Free Speech

Milo Yiannopoulos Defends Basic Traditions of Journalism

A federal judge makes it clear: "the consumption of alcohol at a party does not vitiate journalistic intent"; hard-drinking reporters are as covered by the journalist's privilege as the abstemious. Other journalistic traditions that aren't disqualifying: bias, and bearing grudges.

|The Volokh Conspiracy |

In Sines v. Yiannopoulos, decided Wednesday by Judge Katherine Polk Failla (S.D.N.Y.), several people—all plaintiffs in a lawsuit over injuries at the Charlottesville Unite the Right—are trying to compel Milo Yiannopoulos "to disclose the identity of a confidential source who [Yiannopoulos] says has relevant documents" related to Richard Spencer. Yiannopoulos has said "that his source had played clips of responsive audio and video files, and shown him a screen where he could see that additional files existed." But Yiannopoulos is refusing to testify about his source, based on the journalist's privilege, which Second Circuit precedent recognizes.

The court describes the privilege, which is qualified, not absolute:

"The privilege may be invoked by an individual "involved in activities traditionally associated with the gathering and dissemination of news, even though he may not ordinarily be a member of the institutionalized press." However, to invoke the privilege, an individual must be acting in "the role of the independent press" when "collecting the information in question." Furthermore, "the talisman" for invoking "the journalist's privilege is intent to disseminate to the public at the time the gathering of information commences."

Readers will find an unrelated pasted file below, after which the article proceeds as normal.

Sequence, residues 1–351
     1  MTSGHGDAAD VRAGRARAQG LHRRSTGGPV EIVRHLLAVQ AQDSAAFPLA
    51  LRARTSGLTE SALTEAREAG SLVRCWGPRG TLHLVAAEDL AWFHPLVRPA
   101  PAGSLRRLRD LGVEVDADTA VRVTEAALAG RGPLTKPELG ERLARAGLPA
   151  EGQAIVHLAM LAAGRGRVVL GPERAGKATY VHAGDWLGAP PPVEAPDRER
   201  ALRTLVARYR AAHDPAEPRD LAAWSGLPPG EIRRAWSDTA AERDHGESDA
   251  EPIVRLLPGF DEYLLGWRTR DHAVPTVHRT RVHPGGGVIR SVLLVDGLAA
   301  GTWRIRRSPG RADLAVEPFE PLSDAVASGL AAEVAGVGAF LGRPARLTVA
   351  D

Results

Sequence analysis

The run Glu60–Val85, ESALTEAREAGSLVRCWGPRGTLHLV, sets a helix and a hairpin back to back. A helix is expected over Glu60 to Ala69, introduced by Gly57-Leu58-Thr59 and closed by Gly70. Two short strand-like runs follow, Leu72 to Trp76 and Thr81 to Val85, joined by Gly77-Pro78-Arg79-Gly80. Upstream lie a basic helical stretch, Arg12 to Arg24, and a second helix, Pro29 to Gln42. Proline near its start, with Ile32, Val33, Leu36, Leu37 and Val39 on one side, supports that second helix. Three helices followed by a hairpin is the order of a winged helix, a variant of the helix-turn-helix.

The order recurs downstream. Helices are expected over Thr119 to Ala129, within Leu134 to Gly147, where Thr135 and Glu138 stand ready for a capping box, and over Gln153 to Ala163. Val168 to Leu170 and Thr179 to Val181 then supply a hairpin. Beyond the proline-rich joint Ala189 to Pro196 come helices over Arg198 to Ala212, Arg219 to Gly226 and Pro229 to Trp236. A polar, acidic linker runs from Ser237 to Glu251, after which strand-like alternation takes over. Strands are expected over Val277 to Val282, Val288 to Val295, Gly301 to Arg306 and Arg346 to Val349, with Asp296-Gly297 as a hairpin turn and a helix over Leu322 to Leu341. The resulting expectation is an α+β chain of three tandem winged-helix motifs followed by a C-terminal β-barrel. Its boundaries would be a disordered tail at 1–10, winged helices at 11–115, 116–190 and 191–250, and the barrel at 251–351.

Once established, the federal journalist's privilege is a qualified one and may be overcome. However, the protection accorded by the privilege "is at its highest when the information sought to be protected was acquired by the journalist through a promise of confidentiality." To protect the "important interest of reporters in preserving the confidentiality of [their] sources," the Court may override the journalist's privilege and order disclosure "only upon a clear and specific showing that the information is: [i] highly material and relevant, [ii] necessary or critical to the maintenance of the claim, and [iii] not obtainable from other available sources."

The court concluded that Yiannopoulos is protected by the privilege, though the defendants may yet be able to overcome it:

Movants argue that [Yiannopoulos] cannot assert the journalist's privilege because he was gathering information and cultivating his source in order to pursue a personal feud with Richard Spencer, and was thus not acting in the role of an independent journalist. [Yiannopoulos] replies that at the time he "acquired the identity of" his source, he was employed as a professional journalist at Breitbart, and, further, that he "learn[ed] the identity of the source in the course of gathering or obtaining news"—not in pursuing a grudge against Spencer.

The factual record is both thin and slightly muddled. The parties focus their arguments on [Yiannopoulos]'s intent at the time he obtained his confidential source, as well as his role while attending an "afterparty" at which the source allegedly showed relevant recordings to [Yiannopoulos]. [Yiannopoulos] states that "when [he] acquired the identity of the source and listened to materials and became aware of various facts in the course of reporting, [he] was at the same time a senior salaried professional reporter at" Breitbart.